3/4 cup dried and finely ground bakery goods such as Whole-wheat or cracked-wheat bread or crackers

  1/2 cup shelled sunflower seeds

  1/4 cup millet

  1/4 cup dried and chopped fruit such as cranberries, currants, raisins, or other berries

  1. Melt suet in a saucepan over low heat.
  2. Mix the rest of the ingredients together in a large bowl.
  3. Allow the suet to cool until slightly thickened, then strain and stir into the mixture in the bowl. Mix thoroughly.
  4. Pour or pack into forms or suet feeders or pack into pine cones.

_____________________________________________

  1/2 lb. fresh ground suet

  1/3 cup sunflower seed

  2/3 cup wild bird seed mix

  1/8 cup chopped peanuts

  1/4 cup raisins

  1. Melt suet in a saucepan over low heat. Allow it to cool thoroughly, then reheat it.
  2. Mix the rest of the ingredients together in a large bowl.
  3. Allow the suet to cool until slightly thickened, then stir it into the mixture in the bowl. Mix thoroughly.
  4. Pour into pie pan or form, or pack into suet feeders.

Optional or substitute ingredients: millet (or other bird seed), cornmeal, cooked noodles, chopped berries, dried fruit.

 

19 Uses for Summer Jam

Photo of a line of different jams on a shelf.

photo courtesy of pixabay marmaluk

by Engrid Winslow

  1. Swirl your favorite fruit jam into a bowl of yogurt and granola. In the bowl above, I blitzed some of the cranberry sauce with an immersion blender and swirled it into vanilla bean yogurt. Then I topped it off with some of the whole cranberries from the sauce and my favorite homemade granola.
  2. Use your jam for filling in homemade pop tarts.
  3. Top pancakes, waffles, or French toast with a big spoon of warmed jam. And a dollop of sweetened whipped cream!
  4. Or make a simple maple fruit syrup by heating some jam with pure maple syrup in a saucepan on the stovetop. Then spoon it over your favorite breakfast pancakes, waffles, or French toast.
  5. Stir jam into a bowl of steaming oatmeal or steel-cut oats, or into overnight oats.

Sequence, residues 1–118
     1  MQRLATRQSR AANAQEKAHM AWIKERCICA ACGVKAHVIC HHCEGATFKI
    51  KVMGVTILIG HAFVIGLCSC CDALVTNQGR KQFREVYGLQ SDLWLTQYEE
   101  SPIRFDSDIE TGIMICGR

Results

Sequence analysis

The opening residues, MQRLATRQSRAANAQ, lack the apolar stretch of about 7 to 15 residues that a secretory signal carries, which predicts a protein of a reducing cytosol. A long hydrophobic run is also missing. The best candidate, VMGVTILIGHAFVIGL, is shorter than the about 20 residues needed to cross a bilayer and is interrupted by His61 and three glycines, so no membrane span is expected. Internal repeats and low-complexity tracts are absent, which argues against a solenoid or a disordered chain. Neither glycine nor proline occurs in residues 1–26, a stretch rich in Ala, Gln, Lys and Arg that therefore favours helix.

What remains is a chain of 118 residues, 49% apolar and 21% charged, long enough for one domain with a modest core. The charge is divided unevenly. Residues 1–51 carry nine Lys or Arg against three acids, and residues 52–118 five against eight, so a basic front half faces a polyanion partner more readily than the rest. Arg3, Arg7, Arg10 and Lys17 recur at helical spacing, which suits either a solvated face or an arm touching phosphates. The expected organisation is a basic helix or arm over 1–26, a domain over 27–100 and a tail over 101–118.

6. Make fruit butter for your favorite muffins or breakfast breads by beating together butter, a dollop of jam, fresh orange zest, and a touch of almond extract.
  7. Top a toasted bagel or English muffin with cream cheese or ricotta and a spoonful of jam.
  8. This smoothie couldn’t be easier to make. In a blender, combine 1 cup fresh-pressed apple cider, 1cup jam, 2 frozen bananas, 1 cup yogurt, and a dash of cinnamon. Blend until combined. Makes 2 large servings.
  9. Add a spoon of jam to a tall glass with ice and pour in cold and bubbly club soda. Muddle and stir to combine, for a refreshing homemade soda.
  10. Swirl a spoon of jam into a vodka or gin cocktail with tonic water over ice. Or stir a bit of it into your favorite margarita!
  11. One of my very favorite uses for jam involves meatballs. In a large skillet, heat 1 cup jam, 12 ounces chili sauce, 1 teaspoon cumin, and 1 teaspoon black pepper. Fold in a 22-ounce bag of your favorite frozen cooked homestyle meatballs, thawed. Stir every now and then, until heated through. Top with chopped fresh parsley, if you like a little touch of fancy. Serve as a main entree with mashed potatoes or as an appetizer with party picks. This simple recipe delivers BIG flavor.
  12. Construct a delicious grilled cheese sandwich with layers of leftover turkey and a tart jam such as sour cherry, plus sharp cheddar. Or try apricot jam with brie and sliced ham.
  13. Make a glaze for roasted or grilled meat such as chicken, pork, beef kabobs or turkey by thinning jam with a bit of white wine, apple cider vinegar, stock or water.
  14. If you like to make your own salad dressings, try incorporating a bit of jam into your favorite balsamic or red wine vinaigrette.
  15. Here’s a super simple one: just add some jam to your favorite BBQ sauce.